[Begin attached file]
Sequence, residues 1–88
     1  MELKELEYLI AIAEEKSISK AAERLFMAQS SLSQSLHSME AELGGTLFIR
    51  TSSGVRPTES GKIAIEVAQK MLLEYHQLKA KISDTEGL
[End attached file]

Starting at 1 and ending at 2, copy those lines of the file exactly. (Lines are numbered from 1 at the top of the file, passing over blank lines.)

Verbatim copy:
Sequence, residues 1–88
     1  MELKELEYLI AIAEEKSISK AAERLFMAQS SLSQSLHSME AELGGTLFIR